MySQL stores all its username and password data in a special database named mysql. You can add users to this database and specify the databases to which they will have access with the grant command. The MySQL root or superuser account, which is used to create and delete databases, is the exception. You need to use the mysqladmin command to set your root password. Only two steps are necessary for a brand new MySQL installation.

  1. Make sure MySQL is started.
  2. Use the mysqladmin command to set the MySQL root password. The syntax is as follows:

[root@tmp bigboy]# mysqladmin -u root password new-password

Accessing The MySQL Command Line

MySQL has its own command line interpreter (CLI). You need to know how to access it to do very basic administration.

You can access the MySQL CLI using the mysql command followed by the -u option for the username and -p, which tells MySQL to prompt for a password. Here user root gains access:

[root@bigboy tmp]# mysql -u root -p
Enter password:
Welcome to the MySQL monitor.  Commands end with ; or \g.
Your MySQL connection id is 14 to server version: 3.23.58

Type 'help;' or '\h' for help. Type '\c' to clear the buffer.


Note: Almost all MySQL CLI commands need to end with a semi-colon. Even the exit command used to get back to the Linux prompt needs one too!

Creating and Deleting MySQL Databases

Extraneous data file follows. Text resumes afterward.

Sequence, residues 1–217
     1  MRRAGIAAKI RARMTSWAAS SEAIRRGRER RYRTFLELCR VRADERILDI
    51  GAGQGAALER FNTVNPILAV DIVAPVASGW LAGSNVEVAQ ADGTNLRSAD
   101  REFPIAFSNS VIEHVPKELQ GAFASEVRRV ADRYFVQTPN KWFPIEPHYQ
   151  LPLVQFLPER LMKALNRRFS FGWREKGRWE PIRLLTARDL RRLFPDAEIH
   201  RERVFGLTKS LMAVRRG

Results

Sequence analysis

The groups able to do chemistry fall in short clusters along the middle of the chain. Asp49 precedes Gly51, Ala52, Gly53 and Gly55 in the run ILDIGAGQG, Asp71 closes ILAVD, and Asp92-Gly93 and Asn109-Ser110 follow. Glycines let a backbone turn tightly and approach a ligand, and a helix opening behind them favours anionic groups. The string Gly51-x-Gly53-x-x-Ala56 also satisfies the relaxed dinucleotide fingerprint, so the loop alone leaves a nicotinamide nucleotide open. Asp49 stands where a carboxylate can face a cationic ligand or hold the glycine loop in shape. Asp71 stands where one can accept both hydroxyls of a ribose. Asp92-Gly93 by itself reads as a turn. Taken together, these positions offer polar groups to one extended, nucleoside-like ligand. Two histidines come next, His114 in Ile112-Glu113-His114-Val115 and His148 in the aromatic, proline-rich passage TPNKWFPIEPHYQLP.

Many Linux applications that use MySQL databases require you to create the database beforehand using the name of your choice. The procedure is relatively simple: Enter the MySQL CLI, and use the create database command:

mysql> create database salesdata;
Query OK, 1 row affected (0.00 sec)


If you make a mistake during the installation process and need to delete the database, use the drop database command. The example deletes the newly created database named salesdata.

mysql> drop database salesdata;
Query OK, 0 rows affected (0.00 sec)


Note: Sometimes a dropped database may still appear listed when you use the show databases command explained further below. This may happen even if your root user has been granted full privileges to the database, and it is usually caused by the presence of residual database files in your database directory. In such a case you may have to physically delete the database sub-directory in /var/lib/mysql from the Linux command line. Make sure you stop MySQL before you do this.

[root@bigboy tmp]# service mysqld stop

Viewing Your New MySQL Databases

A number of commands can provide information about your newly created database. Here are some examples:

  • Login As The Database User: It is best to do all your database testing as the MySQL user you want the application to eventually use. This will make your testing mimic the actions of the application and results in better testing in a more production-like environment than using the root account.
[root@bigboy tmp]# mysql -u mysqluser -p salesdata
  • List all your MySQL databases: The show databases command gives you a list of all your available MySQL databases. In the example, you can see that the salesdata database has been successfully created:
mysql> show databases;
| Database  |
| salesdata |
1 row in set (0.00 sec)


Listing The Data Tables In Your MySQL Database